Cosmetic surgery

Cosmetic surgery is often carried out to change a person’s appearance in order to achieve what they perceive to be a more desirable look.

However, in certain situations cosmetic surgery may be needed for functional reasons. For example, breast reduction is sometimes used to alleviate back or neck pain.

Cosmetic surgery is different to plastic surgery. Plastic surgery repairs damaged skin and tissue following injury or illness. It also provides reconstructive surgery after major injuries or cancer removal operations.

During cosmetic surgery, a number of different bodily features may be changed, including:

  • skin colour
  • skin texture
  • the structure or position of a body part, such as the nose

Can I get cosmetic surgery on the NHS?

Cosmetic surgery is rarely available through the NHS. There must be major physical or psychological reasons for considering cosmetic surgery.

In rare cases, a primary care trust (PCT) may decide that cosmetic surgery is required to protect a person’s health, although NHS resources are limited and waiting times are usually long. For this reason, most people pay to have cosmetic surgery privately.

Read more about the availability of cosmetic surgery.

Making a decision

Deciding to have cosmetic surgery isn't a decision that should be taken lightly. Cosmetic surgery can be expensive and time consuming. The results are often variable and can't be guaranteed.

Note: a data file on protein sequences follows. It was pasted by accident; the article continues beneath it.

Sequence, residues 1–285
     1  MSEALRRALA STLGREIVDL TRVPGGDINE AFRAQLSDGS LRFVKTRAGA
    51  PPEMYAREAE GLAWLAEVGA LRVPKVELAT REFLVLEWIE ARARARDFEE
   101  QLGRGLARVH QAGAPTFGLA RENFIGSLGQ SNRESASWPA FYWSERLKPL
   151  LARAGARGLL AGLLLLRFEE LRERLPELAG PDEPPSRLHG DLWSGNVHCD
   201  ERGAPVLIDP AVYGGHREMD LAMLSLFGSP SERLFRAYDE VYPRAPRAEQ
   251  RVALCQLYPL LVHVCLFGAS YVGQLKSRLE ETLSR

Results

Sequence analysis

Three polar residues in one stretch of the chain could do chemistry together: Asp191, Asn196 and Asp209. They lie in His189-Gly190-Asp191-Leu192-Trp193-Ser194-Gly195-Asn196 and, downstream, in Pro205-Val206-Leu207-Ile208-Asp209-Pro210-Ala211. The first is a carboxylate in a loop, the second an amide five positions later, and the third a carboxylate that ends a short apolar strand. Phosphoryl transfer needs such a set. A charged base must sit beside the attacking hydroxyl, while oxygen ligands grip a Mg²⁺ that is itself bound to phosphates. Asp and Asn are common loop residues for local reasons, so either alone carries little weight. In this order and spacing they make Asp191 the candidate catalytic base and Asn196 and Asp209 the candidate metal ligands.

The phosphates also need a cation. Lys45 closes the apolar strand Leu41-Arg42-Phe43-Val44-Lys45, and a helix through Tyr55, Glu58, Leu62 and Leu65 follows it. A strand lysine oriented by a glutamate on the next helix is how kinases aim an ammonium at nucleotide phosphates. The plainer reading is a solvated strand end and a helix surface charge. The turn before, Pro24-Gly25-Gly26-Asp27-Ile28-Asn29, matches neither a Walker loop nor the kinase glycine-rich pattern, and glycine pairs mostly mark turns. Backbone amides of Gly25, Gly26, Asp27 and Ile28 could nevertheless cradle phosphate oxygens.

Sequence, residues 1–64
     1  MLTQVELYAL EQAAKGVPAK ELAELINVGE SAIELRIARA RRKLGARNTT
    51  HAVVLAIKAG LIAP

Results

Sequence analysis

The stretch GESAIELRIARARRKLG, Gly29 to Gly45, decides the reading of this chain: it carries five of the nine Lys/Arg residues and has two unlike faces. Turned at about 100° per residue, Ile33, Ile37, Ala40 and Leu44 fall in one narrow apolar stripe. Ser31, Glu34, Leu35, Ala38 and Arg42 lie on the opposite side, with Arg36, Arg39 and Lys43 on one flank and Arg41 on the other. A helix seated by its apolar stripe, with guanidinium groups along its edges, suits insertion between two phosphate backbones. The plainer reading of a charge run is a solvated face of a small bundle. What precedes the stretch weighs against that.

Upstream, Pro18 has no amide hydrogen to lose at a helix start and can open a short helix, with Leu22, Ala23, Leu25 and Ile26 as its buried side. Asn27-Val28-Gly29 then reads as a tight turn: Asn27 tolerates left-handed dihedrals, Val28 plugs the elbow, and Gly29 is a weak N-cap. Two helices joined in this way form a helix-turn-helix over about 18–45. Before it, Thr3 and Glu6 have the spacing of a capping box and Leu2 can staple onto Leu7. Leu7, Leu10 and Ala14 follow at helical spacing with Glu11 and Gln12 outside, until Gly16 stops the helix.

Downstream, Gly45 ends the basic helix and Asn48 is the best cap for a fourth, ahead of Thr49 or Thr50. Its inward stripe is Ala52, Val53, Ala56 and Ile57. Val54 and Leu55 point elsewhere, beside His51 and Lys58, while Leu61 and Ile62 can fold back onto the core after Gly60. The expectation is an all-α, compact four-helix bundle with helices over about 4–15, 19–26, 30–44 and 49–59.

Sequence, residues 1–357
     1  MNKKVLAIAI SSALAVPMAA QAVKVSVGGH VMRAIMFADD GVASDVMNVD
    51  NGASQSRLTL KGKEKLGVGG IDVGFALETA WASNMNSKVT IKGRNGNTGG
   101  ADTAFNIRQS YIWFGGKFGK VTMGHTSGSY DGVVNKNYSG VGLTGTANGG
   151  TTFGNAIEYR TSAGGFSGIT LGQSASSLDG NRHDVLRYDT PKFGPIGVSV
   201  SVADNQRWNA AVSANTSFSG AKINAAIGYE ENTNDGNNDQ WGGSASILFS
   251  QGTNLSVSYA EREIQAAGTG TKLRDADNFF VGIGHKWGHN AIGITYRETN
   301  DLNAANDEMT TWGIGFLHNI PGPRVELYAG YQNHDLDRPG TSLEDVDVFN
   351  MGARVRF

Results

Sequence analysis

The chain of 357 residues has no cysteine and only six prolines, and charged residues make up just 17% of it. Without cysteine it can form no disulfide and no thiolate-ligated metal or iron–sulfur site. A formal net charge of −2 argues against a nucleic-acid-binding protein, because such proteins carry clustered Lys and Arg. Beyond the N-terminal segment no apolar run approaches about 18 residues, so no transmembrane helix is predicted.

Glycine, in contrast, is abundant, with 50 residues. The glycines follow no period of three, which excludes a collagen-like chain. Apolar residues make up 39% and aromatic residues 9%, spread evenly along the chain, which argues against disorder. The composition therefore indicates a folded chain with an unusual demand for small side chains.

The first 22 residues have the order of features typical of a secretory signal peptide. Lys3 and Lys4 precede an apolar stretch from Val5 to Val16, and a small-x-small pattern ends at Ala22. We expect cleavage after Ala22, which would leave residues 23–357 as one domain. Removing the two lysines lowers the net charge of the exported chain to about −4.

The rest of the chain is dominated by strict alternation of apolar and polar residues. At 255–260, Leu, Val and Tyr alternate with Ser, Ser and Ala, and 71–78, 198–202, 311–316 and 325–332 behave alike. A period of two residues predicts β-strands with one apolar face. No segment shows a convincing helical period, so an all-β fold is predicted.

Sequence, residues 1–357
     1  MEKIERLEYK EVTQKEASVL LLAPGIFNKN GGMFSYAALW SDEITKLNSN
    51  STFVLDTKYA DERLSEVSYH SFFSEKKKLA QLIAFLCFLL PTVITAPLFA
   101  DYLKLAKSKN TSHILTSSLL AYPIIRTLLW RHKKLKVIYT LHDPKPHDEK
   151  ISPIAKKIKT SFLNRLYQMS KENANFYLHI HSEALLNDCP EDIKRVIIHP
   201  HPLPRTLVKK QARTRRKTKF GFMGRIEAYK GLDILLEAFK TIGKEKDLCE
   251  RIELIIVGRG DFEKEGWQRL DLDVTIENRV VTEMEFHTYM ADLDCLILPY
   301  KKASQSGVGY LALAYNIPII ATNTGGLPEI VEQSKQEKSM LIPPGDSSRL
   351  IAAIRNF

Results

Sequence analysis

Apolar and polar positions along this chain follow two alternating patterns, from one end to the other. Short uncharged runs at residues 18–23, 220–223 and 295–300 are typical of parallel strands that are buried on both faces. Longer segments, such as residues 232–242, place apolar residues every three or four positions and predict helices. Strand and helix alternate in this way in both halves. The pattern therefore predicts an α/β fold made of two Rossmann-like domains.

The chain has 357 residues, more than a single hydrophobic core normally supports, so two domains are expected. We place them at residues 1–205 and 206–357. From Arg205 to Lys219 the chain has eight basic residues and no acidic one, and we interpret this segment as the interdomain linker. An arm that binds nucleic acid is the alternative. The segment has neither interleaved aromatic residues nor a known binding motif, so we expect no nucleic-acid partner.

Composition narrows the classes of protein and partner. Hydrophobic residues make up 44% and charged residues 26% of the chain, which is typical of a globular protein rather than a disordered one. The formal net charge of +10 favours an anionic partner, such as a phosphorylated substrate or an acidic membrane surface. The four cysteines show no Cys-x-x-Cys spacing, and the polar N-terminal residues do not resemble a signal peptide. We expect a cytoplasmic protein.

Therefore it's important that you give careful thought and consideration when deciding to have cosmetic surgery. It's a good idea to discuss your plans with your GP before going ahead with private treatment. If you decide to have surgery, be absolutely sure about your reasons for wanting to have it.

Read more about considering cosmetic surgery.

Choosing a surgeon

If you decide to have cosmetic surgery, it's very important that the surgeon and other healthcare professionals who will be carrying out the procedure are fully qualified and experienced in the type of procedure you're having.

You should discuss the procedure in detail with your surgeon. Ask as many questions as you need to so that you're fully aware of what the procedure involves, how it will be carried out, what the results will be and whether there will be any after effects.

See recommendations for cosmetic surgery for advice about how to ensure a cosmetic surgeon is fully qualified.

When things go wrong

As with all types of surgery, cosmetic surgery can sometimes go wrong and the results may not be what you expected. To reduce the chances of this happening you should:

  • make sure that your expectations of what surgery can achieve are realistic
  • make sure that the surgeon understands what you want
  • follow the advice that your surgeon gives you about aftercare

Read more on how to make a complaint about cosmetic surgery.

Non-surgical cosmetic treatments and plastic surgery

Non-surgical cosmetic treatments are procedures that change a person’s appearance without using surgery. They include:

  • muscle paralysis – such as injections of botulinum toxin (Botox) to help relax facial muscles and make lines and wrinkles less obvious
  • dermal fillers – injected into wrinkles or creases to fill them out
  • chemical peels – which use chemicals to remove the outer layer of skin cells
  • microdermabrasion – which uses fine crystals and a vacuum to remove dead skin cells
  • non-surgical laser and intense light treatments – such as hair removal

Read more about non-surgical cosmetic procedures.

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